Here’s a quick (or maybe not so quick?) tip for using SAP Data Services to extract nested JSON data from a column in a raw data file.

With the huge increase in unstructured data being generated from multiple systems, like Customer Information Systems (CIS) it’s getting more common that some, if not all, of the data interchange is in JSON format.

Newer databases, such as SAP Hana or Google BigQuery can handle JSON quite easily, but this can be a challenge for traditional databases to parse and load. By using a cool feature of Data Services, we can map the JSON fields, and “unpack” them into a structured table that these traditional databases prefer. Here’s a relatively simple example.

Creating a XML Schema File Format

Firstly, we need to create a “template” for the Data Services function extract_from_json by using XML Schema File Format.

Take a single record of JSON data that has the full structure and convert that JSON into XML then place that into a .xsd file (XML Schema file). There are free sites online to do this conversion for you.

*For JSON to XML Conversion:

*For XSD Schema generator:

Now, open Data Services, and under Formats – Nested Schema’s, create a new XML Schema file as shown below:

Now provide the details for the XML Schema you created:

Now we’re ready to use the function.

Using the extract_from_json function in a Dataflow

Pull in your source table or flat file, connect this to a Query Transform and map all of your columns to the output. Right-click the column that has the JSON data and click New Function Call and select extract_from_json:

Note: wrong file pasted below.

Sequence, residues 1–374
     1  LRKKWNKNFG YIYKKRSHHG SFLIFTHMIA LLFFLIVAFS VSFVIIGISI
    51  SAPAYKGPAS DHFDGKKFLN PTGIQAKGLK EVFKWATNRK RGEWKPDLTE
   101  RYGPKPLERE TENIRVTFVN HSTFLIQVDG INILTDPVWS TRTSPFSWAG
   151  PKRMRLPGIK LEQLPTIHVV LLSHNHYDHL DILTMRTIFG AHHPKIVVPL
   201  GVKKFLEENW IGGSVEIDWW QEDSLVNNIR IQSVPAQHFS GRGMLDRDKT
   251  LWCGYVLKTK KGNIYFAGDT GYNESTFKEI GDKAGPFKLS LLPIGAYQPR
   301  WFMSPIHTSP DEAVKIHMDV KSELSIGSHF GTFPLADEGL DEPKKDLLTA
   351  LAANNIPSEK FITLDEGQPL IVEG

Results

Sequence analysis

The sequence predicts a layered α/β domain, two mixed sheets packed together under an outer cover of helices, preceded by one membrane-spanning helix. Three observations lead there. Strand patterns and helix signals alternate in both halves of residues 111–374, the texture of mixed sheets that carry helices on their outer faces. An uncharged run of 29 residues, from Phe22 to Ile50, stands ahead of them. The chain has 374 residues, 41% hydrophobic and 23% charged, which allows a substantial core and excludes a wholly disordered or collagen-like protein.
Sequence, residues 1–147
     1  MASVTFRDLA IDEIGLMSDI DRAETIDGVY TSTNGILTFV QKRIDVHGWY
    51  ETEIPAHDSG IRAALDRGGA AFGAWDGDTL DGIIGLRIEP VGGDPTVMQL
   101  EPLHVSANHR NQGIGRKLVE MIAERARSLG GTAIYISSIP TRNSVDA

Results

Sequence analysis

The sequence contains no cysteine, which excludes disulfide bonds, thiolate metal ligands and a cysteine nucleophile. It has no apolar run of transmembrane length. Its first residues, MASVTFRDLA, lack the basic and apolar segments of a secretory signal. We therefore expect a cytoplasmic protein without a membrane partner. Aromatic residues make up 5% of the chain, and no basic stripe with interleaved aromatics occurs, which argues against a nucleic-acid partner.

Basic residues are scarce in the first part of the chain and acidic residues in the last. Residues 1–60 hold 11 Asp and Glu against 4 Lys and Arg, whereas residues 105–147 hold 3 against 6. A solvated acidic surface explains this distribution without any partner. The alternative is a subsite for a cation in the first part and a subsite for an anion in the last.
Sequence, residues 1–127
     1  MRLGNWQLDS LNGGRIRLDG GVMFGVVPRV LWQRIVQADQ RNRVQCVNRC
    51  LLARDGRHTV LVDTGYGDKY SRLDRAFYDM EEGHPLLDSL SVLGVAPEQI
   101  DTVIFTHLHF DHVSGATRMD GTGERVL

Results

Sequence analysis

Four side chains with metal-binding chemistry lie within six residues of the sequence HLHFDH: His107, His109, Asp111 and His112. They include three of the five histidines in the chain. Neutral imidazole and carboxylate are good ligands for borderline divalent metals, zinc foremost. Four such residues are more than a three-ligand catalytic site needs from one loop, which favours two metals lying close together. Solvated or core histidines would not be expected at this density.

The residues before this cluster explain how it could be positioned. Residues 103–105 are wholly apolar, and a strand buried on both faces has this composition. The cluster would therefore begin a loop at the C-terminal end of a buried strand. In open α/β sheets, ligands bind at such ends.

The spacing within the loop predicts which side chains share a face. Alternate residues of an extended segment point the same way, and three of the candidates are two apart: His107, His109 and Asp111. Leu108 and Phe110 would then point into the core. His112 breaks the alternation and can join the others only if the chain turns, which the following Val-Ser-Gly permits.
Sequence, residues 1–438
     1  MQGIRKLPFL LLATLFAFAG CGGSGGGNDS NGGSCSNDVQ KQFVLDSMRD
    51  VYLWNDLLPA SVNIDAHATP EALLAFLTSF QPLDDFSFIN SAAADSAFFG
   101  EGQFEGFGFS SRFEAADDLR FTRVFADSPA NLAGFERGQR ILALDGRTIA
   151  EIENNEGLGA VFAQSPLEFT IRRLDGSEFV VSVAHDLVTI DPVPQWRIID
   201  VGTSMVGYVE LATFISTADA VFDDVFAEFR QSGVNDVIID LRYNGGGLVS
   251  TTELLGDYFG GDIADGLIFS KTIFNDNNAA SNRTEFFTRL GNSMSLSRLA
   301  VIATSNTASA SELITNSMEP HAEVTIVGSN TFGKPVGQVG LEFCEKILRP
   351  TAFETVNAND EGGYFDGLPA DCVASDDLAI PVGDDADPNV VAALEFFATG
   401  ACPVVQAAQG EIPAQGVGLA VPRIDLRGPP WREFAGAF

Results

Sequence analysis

For JSON field name select the field that contains the JSON Data which in this case is JSON. Then for Schema Name select the XML Schema file format that you created earlier. For Enable validation select 0 if you do not want validation to occur at runtime of the job or select 1 if you do want validation to occur then click next.

Now, choose which fields you want mapped to the output (in this case we mapped all fields to the output) and then click Finish.

Now, as we are going to load this data into a table, we will need to use the “Unnest” option. To do this you will need to create an additional Query Transform:

Map all necessary fields to the output and then right click and select unnest for all of the parent fields, in this example do this for details and inventory.

Create a Template Table and connect the second Query Transform to the Template Table. Click Validate All to make sure that there are no errors.

Run the job and then check that the JSON data loaded correctly in the table:

As you will see, we’ve “unpacked” the JSON from a single column and flattened it into a structured table with multiple columns that we can now integrate into the rest of the data model for future analysis.

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